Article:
Startup is an interesting word. If you search it on Wikipedia you'll get the following blurb...
A startup company or startup is a business in the form of a company, a partnership or temporary organization designed to search for a repeatable and scalable business model.
That's cool. Those are the things that print money right? Hmm...probably not so much, but Steve and I made one anyways. It's called CodeHelp, and it's aimed at helping our fellow students at St. Cloud State University with programming projects and problems. The idea came about when we realized that a lot of the time we are already helping out classmates with questions, and SCSU doesn't have any tutors in the computer science department for whatever reason. This seemed like an opportunity for us, and we took it.
That idea sparked a roughly 24 hour programming spree from Thursday night to Saturday morning where we whipped a site up with a form page front end and backend to handle emails. The concept was based of a help request ticket system. Students could visit our site and submit a request, it would email us, and we could reply back to help. Along with the email communcation we leveraged a site called CodeShare to have live video chats with our "customers" while coding in realtime.
Hard at work on the site. (~2:00am on launch day)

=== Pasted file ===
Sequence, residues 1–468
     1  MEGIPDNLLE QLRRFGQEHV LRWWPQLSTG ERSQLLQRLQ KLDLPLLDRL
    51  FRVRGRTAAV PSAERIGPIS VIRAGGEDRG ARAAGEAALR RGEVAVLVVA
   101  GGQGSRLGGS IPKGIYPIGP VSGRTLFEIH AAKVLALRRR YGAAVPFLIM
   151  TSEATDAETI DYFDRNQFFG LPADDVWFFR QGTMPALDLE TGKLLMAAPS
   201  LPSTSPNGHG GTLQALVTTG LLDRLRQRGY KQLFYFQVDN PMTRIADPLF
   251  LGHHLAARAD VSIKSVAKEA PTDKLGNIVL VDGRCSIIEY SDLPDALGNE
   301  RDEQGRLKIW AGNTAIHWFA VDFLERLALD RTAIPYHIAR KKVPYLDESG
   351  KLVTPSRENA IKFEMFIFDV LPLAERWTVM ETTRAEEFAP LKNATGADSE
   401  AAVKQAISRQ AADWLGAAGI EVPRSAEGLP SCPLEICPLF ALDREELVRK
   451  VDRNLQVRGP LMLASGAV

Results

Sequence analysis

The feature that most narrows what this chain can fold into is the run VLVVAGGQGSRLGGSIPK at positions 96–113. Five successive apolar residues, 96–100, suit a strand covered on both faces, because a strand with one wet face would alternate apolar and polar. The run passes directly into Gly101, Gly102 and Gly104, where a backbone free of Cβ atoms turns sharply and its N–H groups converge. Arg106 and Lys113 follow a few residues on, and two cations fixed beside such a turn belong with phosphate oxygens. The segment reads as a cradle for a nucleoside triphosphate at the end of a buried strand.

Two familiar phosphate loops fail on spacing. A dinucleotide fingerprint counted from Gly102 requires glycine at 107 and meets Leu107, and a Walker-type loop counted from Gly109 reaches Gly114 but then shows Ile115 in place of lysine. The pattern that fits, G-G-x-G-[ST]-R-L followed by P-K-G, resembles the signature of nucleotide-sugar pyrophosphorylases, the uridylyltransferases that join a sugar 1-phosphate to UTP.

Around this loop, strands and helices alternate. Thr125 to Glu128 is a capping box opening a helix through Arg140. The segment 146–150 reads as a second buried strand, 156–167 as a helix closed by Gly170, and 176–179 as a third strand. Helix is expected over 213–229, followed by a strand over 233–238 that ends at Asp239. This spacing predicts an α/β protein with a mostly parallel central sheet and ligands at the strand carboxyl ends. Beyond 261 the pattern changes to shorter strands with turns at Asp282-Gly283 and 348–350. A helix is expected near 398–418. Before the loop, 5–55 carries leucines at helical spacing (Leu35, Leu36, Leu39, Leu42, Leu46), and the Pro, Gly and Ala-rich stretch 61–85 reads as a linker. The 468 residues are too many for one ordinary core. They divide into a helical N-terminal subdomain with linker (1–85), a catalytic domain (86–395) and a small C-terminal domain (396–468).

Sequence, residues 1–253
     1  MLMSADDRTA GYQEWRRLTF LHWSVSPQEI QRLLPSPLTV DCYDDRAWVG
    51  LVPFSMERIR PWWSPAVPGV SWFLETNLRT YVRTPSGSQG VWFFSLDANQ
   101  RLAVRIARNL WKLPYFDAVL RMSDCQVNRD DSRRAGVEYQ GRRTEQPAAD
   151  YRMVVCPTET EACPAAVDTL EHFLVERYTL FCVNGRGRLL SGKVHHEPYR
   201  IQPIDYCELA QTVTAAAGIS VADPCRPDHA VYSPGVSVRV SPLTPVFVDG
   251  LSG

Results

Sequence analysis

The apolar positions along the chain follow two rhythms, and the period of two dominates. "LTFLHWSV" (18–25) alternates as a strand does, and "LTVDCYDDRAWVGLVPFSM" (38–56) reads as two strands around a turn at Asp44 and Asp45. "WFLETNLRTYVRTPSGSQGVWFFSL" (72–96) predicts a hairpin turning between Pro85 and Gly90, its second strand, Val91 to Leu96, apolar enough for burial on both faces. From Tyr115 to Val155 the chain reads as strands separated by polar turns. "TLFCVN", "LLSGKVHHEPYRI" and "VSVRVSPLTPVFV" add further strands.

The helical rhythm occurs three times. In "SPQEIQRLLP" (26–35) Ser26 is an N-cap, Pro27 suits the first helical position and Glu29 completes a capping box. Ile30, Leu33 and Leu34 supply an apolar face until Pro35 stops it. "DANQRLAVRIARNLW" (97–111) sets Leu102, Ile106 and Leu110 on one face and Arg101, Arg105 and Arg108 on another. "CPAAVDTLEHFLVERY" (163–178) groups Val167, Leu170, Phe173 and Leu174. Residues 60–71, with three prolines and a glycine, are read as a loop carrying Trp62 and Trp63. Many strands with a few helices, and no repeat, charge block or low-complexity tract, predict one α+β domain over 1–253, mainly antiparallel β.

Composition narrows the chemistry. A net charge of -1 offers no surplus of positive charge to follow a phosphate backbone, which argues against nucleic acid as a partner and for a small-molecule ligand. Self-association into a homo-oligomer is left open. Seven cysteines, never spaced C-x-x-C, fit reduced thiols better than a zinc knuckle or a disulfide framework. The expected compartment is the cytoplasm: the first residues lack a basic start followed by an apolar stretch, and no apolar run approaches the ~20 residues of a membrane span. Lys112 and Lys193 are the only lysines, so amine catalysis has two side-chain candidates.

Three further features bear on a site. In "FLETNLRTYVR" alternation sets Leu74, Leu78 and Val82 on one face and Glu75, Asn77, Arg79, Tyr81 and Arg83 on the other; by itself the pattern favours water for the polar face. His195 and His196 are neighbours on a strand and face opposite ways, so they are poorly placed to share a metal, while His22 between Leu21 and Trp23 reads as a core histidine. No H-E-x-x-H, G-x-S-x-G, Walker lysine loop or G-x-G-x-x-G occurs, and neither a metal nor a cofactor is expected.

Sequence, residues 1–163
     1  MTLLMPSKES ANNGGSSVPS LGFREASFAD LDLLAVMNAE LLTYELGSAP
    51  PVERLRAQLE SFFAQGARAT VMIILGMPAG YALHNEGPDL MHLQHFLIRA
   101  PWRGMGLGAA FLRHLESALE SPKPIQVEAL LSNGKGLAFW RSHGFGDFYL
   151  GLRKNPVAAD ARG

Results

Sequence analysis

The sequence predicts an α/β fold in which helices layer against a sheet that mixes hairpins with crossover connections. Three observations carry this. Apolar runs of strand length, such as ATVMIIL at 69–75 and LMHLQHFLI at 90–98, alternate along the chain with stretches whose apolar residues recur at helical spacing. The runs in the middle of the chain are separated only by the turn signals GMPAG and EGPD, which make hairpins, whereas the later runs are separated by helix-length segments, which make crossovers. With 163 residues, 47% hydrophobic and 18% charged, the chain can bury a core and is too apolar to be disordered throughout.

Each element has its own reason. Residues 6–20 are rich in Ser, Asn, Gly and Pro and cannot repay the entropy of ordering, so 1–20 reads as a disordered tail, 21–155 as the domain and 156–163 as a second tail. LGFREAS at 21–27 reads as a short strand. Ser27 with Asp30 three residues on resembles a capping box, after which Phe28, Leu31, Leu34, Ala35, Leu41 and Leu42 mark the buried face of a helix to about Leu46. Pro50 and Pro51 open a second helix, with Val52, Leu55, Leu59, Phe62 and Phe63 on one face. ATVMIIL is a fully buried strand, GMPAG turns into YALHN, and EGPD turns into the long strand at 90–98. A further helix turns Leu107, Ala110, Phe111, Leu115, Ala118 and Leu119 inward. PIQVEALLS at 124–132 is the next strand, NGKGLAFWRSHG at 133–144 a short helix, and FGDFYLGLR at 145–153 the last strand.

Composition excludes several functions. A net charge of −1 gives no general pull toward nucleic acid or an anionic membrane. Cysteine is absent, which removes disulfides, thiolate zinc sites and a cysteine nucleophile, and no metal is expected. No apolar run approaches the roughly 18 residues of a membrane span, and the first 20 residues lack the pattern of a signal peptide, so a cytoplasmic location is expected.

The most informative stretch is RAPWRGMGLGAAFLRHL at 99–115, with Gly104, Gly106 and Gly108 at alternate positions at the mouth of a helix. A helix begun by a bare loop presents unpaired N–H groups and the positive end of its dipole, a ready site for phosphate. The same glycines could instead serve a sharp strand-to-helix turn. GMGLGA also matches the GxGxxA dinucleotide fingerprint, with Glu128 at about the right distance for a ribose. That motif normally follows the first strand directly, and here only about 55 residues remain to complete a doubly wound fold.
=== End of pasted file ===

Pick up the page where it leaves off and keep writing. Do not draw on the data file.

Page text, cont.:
We officially launched this past weekend with an email campaign sent out to our classlists. Thinking ahead we added Google Analytics and used MailChimp so we could get stats and gauge interest. The following is a summation of how it went for the week after launch.
- In total we sent out 140 emails to our classmates
- Of those, 47 actually opened the email. (34%)
- Only 16 of those clicked through to the site. (11%)
- So far 2 people have gone all the way to contact us. The first was out of curiosity, and the second was looking for help. We successfully helped the second person.
- Email campaigns are not the greatest for students and a small send pool.
Google Analytics had some info to share as well.
- There have been a total of 117 sessions, with 56 unique users, and 871 page views.
- This indicates that we have had traffic from other sources outside of our email campaign.
- Some of these stats are skewed because of our internal testing. (Lesson learned, do testing in a dev environment instead of on the live site.)
- Posters around campus were mostly ineffective. There were only 15 site views since putting them up.
So overall the venture being a success is dependant on how it's viewed. We helped a user solve a problem, which was the goal, but haven't made any money. The learning experience was immensely useful in whatever we decide to do next though, and I think that's where the most value is right now.
Following a lean startup model we are iterating on what we've done so far and trying to change it for the better. The first step is with a dedicated landing page, then profiles for the tutors, and hopefully more tutors become involved.